If the reader will forgive a digression into the nexus between water reservoirs and renewable energy, by normalizing these units, it’s easy to imagine the electricity storage potential of these planned hydroelectric plants if they’d all been not only constructed, but constructed with reversible turbines, making them able to pump water uphill from forebays into the reservoir during hours when peak solar power is hitting the grid. In one hour, 7.9 gigawatts (their planned capacity) of reversible hydroelectric dam turbines could store – at a pumping efficiency of 80 percent – 6.3 gigawatt-hours of surplus solar power, to be released back down through the turbines now switched back into generating mode during those peak hours when our electric utility PR departments nowadays instruct us to “power down.” There’s nothing fanciful about these speculations. San Luis Reservoir, which has reversible turbines, is already a big battery. So are most of the reservoirs in Norway.
The Cost Then, The Cost Now
An unforgettable detail of the 1957 Water Plan is their projected cost for all of this, $11.8 billion. For all of it. In 2022 dollars, $11.8 billion is worth $113.8 billion. This too, is encouraging. When the Office of Legislative Analyst estimated how much it would cost for our initiative to fund capital projects that would result in supplying an additional five million acre feet of water per year, they wrote the following: “We estimate the cost of implementing new projects to develop 5 million acre-feet of new, reliable, statewide annual water supply will be several tens of billions of dollars, potentially totaling more than $100 billion.”
Californians were prepared to spend that much back then. For this century, we should be willing to do the same. With everything we’ve learned, we can do it in a manner that is far more sustainable in all ways – financially and environmentally.
When reviewing this 1957 plan, what ought to motivate us is that what we already have built today and can envision for the future is a system that can achieve these original goals in large part through innovations that didn’t exist back then. We can construct off-stream reservoirs like the proposed Sites project. We can limit new in-stream construction to expansion of existing dams such as Lake Shasta, or construction of new in-stream dams upstream from existing dams such as in the case of the proposed Temperance Flat project. Better yet, we can capture runoff into spreading basins where it will percolate into underground aquifers for storage and recovery, we can recycle urban wastewater, and we can desalinate brackish water and seawater.
By developing these new types of projects, we don’t have to adhere to the original scope of the 1957 Water Plan. As indicated by the map taken from page 149 of part two of the 1957 Water Plan, it was an ambitious plan, and much of it was implemented. The California Aqueduct and its network of reservoirs and secondary conveyances is the most notable among the proposed projects which were built. But as the map from that era shows, significant portions of the plan were never finished. For example, diversions south from the Klamath and Eel rivers were not fully implemented, and the Auburn Dam on the north fork of the American River was never built. It is the water that might have been available from these planned diversions, never realized, that can instead be fulfilled via urban wastewater reuse, runoff capture into off-stream reservoirs and aquifers, and desalination.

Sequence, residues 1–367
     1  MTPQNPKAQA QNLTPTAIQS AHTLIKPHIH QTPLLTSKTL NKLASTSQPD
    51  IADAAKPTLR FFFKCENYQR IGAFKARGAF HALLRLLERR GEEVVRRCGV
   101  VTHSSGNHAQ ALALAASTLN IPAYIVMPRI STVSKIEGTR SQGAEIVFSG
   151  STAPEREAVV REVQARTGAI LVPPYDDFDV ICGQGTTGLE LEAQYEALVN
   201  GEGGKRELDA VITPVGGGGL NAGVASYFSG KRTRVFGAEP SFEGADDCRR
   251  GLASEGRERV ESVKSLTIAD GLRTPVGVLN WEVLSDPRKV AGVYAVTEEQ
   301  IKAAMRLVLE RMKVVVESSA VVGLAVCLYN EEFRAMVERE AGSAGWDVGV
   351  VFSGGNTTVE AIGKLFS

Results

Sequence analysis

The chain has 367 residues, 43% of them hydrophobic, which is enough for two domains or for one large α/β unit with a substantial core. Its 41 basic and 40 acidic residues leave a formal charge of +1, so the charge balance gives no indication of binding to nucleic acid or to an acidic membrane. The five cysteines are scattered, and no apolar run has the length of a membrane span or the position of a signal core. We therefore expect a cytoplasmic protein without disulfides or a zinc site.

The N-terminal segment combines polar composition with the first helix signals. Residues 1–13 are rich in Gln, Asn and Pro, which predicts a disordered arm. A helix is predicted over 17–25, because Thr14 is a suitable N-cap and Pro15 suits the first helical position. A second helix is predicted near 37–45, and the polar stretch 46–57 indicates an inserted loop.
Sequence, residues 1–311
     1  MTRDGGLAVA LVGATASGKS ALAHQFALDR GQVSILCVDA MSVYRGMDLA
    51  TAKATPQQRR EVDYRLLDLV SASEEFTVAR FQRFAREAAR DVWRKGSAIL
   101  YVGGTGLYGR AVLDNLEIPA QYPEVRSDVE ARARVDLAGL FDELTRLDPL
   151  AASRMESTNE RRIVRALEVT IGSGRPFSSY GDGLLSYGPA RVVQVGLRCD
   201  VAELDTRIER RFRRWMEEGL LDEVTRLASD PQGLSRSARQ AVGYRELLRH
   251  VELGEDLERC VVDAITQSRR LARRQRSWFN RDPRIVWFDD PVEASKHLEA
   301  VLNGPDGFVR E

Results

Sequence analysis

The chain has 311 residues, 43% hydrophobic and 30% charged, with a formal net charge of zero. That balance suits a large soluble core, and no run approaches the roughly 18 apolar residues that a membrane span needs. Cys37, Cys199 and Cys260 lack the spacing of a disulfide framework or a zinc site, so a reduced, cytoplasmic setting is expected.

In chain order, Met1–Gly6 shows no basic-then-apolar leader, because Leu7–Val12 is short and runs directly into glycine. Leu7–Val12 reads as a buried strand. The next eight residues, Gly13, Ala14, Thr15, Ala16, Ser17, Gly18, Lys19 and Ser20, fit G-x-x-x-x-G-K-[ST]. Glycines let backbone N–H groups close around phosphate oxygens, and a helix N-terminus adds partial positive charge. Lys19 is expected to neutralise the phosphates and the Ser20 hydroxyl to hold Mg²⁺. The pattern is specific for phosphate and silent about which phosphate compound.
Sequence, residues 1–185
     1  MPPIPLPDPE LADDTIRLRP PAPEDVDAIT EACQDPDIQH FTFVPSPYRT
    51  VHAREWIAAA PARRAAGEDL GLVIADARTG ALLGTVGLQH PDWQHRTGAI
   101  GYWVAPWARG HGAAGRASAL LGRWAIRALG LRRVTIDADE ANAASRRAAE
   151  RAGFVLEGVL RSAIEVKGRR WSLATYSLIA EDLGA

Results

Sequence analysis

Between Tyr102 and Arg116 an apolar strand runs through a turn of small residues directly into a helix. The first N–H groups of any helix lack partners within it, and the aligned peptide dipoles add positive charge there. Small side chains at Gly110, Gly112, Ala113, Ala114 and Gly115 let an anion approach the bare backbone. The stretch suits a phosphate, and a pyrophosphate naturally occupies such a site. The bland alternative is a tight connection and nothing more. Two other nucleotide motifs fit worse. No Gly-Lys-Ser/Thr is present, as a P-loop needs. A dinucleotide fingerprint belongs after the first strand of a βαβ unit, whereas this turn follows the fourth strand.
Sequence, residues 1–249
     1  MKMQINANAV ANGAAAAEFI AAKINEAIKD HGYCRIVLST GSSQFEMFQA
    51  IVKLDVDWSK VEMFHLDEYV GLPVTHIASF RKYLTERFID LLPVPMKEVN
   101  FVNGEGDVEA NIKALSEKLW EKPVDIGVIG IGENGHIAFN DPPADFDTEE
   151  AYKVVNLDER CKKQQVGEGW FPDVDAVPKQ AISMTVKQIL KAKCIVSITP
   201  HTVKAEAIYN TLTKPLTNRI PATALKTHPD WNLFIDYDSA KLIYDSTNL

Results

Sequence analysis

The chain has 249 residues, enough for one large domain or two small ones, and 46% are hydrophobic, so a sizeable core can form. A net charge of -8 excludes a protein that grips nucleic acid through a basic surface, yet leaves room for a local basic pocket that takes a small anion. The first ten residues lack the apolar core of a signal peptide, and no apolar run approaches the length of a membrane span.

Reservoirs In-Stream and Off-Stream
Which brings us to the most controversial of the eligible project categories we defined in the initiative, surface storage. We must immediately differentiate between in-stream reservoirs and off-stream reservoirs. They have distinct attributes. In-stream reservoirs in general are considered far more disruptive. To note just a few of the most obvious problems with in-stream reservoirs, the dam constitutes an immovable blockade of a naturally flowing river, the canyons behind the dam are inundated, and fish swimming upstream cannot reach their spawning grounds.
There are nonetheless arguments for some in-stream dams, particularly if they’ve already been built. The Shasta Dam is the prime example, because of its unique depth. With a maximum depth that is over 500 feet, the snowmelt that fills Lake Shasta stays cool and can be released year-round in order to manage the water temperature in the Sacramento River. By carefully timing these releases, Salmon eggs which require colder upstream temperatures can survive, while at different times of year, young Sturgeon can benefit from the warmer water they require to survive in the lower river.
If the Shasta Dam were increased in height by just 18.5 feet, at an estimated cost of $1.4 billion, it would add over 600,000 acre feet to its already impressive 4.5 million acre foot storage capacity. This construction price, $2,000 per acre foot of storage, is extremely low compared to most other options. But despite being cost-effective, and despite the need for more cold water storage to help manage ecosystems downstream, environmentalist opposition to raising the Shasta Dam has kept the project at a standstill for years. Among the many environmentalist objections is the fact that in years the dam collects enough runoff to be filled to capacity, the expanded lake will inundate a few additional miles of the McCloud River, which has raised concerns among Native Americans and fishermen. But these concerns must be balanced against the benefits downstream. And at such a relatively affordable cost, surely there could be generous funds for mitigation projects that might help offset the impact on the McCloud River.